There isn’t really such a thing
as typically German to me. I have grown up here
and got a connection to it. Maybe I am typically German too. When someone punches you,
it’s like a picture being taken right in front
of your eye. NEWSPAPER HEADLINE:
“The boy with the iron fists.” I’m 18 years old now.
I was born and raised in Hamburg. It’s a good thing that I
started boxing at the age of 11. Many people I used to know
don’t know what to do with their lives. Many didn’t graduate
from high school. Many take drugs,
a few are in prison or are just hanging
around outside. I know my goals and
what I want to achieve. The man in red is
Peter Kadiru from Germany. He lives in Hamburg. Two 18-year-olds between
two super-heavyweight boxers. Left-hand success from Kadiru. The first time I got punched
really hard, I was shocked. How can he hit you this hard
in the face just like this? Into the third
and final round he goes. It’s all smiles on the face of the
German contingent. What a left hook from Kadiru! Four-punch combination. In the beginning, I honestly
didn’t like boxing at all. The training was too hard,
everything all together was too much for me. I thought,
“I can’t do this physically.” Also mentally, I wasn’t
as strong as I am now. What motivates me now is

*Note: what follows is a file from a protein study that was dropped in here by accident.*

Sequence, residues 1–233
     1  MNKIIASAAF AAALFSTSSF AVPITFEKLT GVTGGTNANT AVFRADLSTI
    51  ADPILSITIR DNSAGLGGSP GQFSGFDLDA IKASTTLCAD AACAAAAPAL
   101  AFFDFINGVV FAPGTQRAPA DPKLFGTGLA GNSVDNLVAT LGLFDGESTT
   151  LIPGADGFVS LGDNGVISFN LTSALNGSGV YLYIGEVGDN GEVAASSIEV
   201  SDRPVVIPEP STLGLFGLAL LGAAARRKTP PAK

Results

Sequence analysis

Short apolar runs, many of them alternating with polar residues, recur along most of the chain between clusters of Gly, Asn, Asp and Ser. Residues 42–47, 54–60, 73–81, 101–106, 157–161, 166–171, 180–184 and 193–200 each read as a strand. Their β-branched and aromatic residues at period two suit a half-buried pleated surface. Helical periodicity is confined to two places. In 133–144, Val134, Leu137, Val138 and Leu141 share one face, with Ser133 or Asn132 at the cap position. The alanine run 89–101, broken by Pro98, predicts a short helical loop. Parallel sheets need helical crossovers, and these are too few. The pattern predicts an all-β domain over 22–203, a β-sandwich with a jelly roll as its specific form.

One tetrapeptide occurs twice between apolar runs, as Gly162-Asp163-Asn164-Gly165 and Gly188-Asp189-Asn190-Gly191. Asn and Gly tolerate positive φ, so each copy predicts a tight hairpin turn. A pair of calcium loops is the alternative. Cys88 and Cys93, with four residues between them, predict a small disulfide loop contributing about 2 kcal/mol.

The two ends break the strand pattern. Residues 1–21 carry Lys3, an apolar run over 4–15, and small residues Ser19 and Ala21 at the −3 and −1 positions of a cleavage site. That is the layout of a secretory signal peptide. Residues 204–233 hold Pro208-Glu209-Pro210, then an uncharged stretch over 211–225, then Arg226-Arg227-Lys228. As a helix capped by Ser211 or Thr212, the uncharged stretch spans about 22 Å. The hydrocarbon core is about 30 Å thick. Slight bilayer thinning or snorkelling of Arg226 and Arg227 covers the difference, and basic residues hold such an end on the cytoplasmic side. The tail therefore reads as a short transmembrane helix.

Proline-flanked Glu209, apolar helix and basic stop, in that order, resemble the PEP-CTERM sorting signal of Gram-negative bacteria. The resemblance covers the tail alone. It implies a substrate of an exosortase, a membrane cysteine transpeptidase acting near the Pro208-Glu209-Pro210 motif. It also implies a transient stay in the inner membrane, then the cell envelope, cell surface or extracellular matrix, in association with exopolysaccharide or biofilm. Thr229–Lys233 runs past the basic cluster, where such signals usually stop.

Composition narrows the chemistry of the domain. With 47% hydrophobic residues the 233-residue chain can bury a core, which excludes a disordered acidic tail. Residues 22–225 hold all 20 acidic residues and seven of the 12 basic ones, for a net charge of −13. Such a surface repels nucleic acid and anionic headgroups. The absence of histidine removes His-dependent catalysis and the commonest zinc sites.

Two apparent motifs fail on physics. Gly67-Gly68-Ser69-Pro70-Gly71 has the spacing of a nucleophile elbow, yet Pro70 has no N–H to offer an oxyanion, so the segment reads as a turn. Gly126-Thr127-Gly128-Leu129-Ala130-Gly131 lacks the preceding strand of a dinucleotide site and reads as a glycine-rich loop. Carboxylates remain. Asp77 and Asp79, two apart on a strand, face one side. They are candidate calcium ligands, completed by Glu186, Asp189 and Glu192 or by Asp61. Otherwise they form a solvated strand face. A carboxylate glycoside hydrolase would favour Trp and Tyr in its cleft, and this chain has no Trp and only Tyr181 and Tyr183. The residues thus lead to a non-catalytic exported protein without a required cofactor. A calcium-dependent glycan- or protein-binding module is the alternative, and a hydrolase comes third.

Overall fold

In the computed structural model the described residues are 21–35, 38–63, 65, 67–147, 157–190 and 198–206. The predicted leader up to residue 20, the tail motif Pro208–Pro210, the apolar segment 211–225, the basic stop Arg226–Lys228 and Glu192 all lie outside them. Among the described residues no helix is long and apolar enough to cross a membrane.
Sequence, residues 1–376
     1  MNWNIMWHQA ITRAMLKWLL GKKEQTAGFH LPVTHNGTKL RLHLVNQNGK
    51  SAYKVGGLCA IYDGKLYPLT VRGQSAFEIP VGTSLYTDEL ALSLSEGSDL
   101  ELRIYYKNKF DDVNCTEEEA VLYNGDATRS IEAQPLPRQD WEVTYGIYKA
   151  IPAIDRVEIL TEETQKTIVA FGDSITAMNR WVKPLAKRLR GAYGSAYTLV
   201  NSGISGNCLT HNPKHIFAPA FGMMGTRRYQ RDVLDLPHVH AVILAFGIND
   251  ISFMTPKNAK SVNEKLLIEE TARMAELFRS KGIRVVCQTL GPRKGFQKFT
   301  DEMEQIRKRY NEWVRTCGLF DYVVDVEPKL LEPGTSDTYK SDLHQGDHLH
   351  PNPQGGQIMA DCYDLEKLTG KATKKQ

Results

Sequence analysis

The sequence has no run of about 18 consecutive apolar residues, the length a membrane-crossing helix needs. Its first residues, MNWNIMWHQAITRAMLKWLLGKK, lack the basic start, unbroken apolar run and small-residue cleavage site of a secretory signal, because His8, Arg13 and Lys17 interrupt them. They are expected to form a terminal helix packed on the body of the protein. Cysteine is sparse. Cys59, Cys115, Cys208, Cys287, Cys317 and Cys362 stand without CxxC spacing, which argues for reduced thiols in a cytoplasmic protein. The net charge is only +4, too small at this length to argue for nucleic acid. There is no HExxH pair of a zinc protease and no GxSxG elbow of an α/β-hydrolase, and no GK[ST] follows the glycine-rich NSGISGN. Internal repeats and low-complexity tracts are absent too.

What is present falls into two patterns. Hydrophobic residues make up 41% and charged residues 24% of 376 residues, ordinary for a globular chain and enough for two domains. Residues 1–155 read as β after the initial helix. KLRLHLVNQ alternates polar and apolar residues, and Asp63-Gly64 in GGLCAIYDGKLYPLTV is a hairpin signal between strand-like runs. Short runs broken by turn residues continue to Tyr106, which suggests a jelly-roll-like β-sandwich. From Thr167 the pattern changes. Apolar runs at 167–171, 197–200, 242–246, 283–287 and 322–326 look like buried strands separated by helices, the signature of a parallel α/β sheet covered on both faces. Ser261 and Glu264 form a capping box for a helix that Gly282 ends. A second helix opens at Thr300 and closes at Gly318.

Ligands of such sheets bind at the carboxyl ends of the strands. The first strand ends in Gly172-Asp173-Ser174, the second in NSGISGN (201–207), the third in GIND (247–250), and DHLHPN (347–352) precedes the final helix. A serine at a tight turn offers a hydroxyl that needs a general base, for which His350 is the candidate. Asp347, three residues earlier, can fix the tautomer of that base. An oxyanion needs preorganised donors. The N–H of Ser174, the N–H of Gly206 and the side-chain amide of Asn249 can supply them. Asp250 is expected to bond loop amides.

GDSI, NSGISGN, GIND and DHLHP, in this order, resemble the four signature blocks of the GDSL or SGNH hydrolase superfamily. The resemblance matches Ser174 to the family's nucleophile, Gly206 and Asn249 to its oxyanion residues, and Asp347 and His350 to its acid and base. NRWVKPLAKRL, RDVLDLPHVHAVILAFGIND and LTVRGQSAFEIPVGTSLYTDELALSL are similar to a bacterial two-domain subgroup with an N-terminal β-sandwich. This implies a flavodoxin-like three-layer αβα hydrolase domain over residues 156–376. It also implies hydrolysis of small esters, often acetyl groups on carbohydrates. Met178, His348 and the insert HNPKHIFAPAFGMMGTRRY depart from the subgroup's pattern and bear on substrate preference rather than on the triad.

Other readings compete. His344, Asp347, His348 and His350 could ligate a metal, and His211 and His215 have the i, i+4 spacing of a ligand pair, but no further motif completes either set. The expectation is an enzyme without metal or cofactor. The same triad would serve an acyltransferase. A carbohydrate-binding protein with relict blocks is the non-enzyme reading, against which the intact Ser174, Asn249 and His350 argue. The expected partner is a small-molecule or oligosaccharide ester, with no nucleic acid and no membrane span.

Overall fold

boxing being the sport where you can show your real
fighting spirit and your real character. Through boxing, I’ve made
a lot of very good friends. Boxing has given me courage,
made me more self-confident and I’ve become
more mature as a person. No-one has ever insulted
me because of the colour of my skin at fights. In sports,
only your performance counts. Ghanaian families
are always very big. A big part lives here in Germany
and another big part in Ghana. I have two younger brothers,
Jason and Joel, and an older one Kevin. Most of the time
I was the youngest one because I was always hanging out
with my older brother. And I discovered boxing through him. When my mother came here,
she lived in an asylum centre. A bit later,
my big brother was born. I’ll put it like this –
it was very hard for her as she lived in East Germany. Immigrants weren’t that
popular there. She had to fight through
a lot in her life. I also had a few German friends,
not only foreigners! I also noticed that
German parents weren’t as strict with most things. When my mother said, “You gotta be home at 9 o’clock,”
I had to be there. I can’t speak my mum’s
mother tongue, Twi, as well as her because as a kid I didn’t
learn it that well. It’s always a shame when
relatives come to visit us. When people from Ghana look at me,
I’m the German one. When people from Germany see me
I am the African for them. I box for the German National Team. I’ve won a lot of
medals for Germany, and therefore I also feel German. Sometimes I do notice glances
from people that are a bit older, not so much from teenagers. When people stare at me,
it doesn’t really matter to me. They don’t know me, they don’t
know what kind of person I am. They don’t know that I speak the German language
as well as they do. In the last two years, I noticed
that the younger boxers ask me for advice. Some said, “You are my role model.” This is special for me because
I am relatively young. I have no idea what would’ve
happened to me. Maybe I would’ve become
a drug addict or gangster. But what I know right now is
that boxing is extremely important for my life. Peter Kadiru of Germany has just
been crowned as the Youth Olympic Champion
in the super heavyweight division.

Leave comment

Your email address will not be published. Required fields are marked with *.